Project Homekey, eviction moratoriums are paltry short-term solutions to systemic housing crisis

STATE AFFAIRS: CA must look long-term, reshape existing housing policies to generate housing stability

Illustration of hands reaching upwards, towards a singular house key shining yellow light.
Jericho Tang/Staff

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The Bay Area’s housing crisis is an accepted yet infuriating reality. It’s too expensive for many residents to live near where they work or study, and the pandemic has only made it worse.

California Gov. Gavin Newsom acted quickly when the COVID-19 pandemic’s exacerbation of housing insecurity across the state became apparent, instigating housing projects and emergency actions. Some of these actions include allocating $150 million in March — leveraged by the California State Legislature through potential Federal Emergency Management Agency reimbursements — to protect and house the homeless through Project Roomkey, which launched in April. 

But as Project Roomkey’s expiration date passed and its funding was exhausted, it became apparent that the state had no concrete, long-term plan to house the unhoused community. As a result, the state must reevaluate its long-term housing strategies to combat housing insecurity, not only for the duration of the pandemic but also into the future. 

Project Roomkey was originally lauded as doubly innovative — housing 10% of California’s estimated 150,000 homeless by paying unoccupied hotels was a win-win. However, the project struggled in negotiations with local hotels — as illustrated by Berkeley’s La Quinta Inn — because of its decentralized, county-by-county approach. Some counties were more successful than others, but the five that hold 58% of California’s homeless population — Los Angeles, San Francisco, Santa Clara, Alameda and Sacramento — greatly undershot their targets and ended up paying for hotel rooms that stayed empty. 

As the project expired, the people it did house were often booted with no plan or way to obtain further housing. Project Homekey is the state’s $600 million follow-up to Roomkey. Money granted to Bay Area counties will convert hotels and create new structures, which has unfortunately already been met with local opposition, such as in Sacramento. Emphasis also appears to still be on creating beds that unhoused individuals will occupy temporarily. More must be done to erect shelters alongside affordable housing and to collaborate with local organizations in placing unhoused individuals in stable housing situations.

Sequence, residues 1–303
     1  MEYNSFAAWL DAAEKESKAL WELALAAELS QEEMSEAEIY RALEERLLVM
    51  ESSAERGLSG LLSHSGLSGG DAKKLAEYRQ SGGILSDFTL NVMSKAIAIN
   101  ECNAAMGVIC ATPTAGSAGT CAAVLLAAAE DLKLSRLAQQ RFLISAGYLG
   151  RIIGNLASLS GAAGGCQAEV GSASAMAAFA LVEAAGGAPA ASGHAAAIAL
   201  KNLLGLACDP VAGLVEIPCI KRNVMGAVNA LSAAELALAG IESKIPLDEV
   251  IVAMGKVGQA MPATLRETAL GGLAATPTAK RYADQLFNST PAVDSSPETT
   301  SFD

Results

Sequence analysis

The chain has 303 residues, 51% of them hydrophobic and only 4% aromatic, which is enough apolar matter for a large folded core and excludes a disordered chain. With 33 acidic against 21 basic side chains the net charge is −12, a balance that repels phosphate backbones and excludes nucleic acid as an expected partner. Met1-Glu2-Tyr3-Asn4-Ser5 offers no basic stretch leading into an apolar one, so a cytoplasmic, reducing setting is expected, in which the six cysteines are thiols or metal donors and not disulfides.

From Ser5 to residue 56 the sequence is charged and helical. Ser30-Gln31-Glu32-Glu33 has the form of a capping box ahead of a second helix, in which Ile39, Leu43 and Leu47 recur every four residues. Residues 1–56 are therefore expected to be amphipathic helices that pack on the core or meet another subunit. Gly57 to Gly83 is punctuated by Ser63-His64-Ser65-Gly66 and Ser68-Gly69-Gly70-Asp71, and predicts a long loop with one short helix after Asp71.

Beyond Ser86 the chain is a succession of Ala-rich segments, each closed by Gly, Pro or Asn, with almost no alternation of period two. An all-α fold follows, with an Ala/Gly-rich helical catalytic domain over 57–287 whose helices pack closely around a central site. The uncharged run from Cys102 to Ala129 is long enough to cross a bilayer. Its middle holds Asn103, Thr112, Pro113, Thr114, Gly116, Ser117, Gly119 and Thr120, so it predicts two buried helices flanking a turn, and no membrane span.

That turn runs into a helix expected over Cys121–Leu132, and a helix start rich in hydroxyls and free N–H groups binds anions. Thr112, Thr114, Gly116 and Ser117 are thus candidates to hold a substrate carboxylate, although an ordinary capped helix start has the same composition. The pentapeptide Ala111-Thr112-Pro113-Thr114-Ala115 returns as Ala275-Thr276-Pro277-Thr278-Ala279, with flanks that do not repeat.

Another important facet of pandemic-related housing insecurity involves the many renters in limbo. Newsom recently extended the ability of local governments to issue eviction moratoriums, but experts have expressed worry that the end of these moratoriums will result in a “tsunami of evictions.” Any long-term housing solution must involve protections for renters and a plan for handling the back payments of rent.

California and the country as a whole have been in crisis mode, crafting last-minute policies to fix enormous, systemic issues that the pandemic pulled back the curtain on. Project Roomkey and the eviction moratoriums are Band-Aids on the gaping wound that is California’s exacerbated housing crisis. But the state is running out of Band-Aids and must develop a longer-term solution, and fast.

Editorials represent the majority opinion of the editorial board as written by the fall 2020 opinion editor, Katherine Shok.